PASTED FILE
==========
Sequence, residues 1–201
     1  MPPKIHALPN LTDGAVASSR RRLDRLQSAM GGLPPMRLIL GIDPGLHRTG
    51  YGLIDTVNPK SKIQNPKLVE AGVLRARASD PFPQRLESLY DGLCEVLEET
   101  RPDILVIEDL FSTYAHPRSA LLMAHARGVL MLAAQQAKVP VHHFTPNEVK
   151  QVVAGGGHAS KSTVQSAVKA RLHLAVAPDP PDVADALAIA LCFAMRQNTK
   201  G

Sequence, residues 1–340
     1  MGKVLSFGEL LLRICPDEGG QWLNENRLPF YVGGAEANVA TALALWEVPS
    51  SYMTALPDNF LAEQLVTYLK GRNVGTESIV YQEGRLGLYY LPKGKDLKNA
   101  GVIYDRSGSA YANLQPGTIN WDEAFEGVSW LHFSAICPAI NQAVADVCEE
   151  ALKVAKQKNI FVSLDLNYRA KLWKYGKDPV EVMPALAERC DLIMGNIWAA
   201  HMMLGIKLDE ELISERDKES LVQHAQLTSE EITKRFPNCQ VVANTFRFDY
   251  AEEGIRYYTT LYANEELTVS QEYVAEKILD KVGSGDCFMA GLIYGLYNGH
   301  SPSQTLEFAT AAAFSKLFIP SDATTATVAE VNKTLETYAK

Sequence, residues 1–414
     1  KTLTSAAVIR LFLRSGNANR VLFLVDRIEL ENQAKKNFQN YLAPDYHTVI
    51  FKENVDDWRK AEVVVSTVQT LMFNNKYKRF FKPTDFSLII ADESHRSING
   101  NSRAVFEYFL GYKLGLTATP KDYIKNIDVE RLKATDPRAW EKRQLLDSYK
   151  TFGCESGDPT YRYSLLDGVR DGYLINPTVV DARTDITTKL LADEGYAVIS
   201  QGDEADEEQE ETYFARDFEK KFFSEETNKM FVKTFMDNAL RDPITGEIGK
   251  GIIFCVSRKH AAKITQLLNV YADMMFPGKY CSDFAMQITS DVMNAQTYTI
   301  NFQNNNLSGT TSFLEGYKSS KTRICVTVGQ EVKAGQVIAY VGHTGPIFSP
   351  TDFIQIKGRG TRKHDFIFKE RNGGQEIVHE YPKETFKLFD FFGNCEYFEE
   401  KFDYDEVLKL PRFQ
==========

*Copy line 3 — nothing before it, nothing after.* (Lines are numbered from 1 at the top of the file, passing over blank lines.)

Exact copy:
    51  YGLIDTVNPK SKIQNPKLVE AGVLRARASD PFPQRLESLY DGLCEVLEET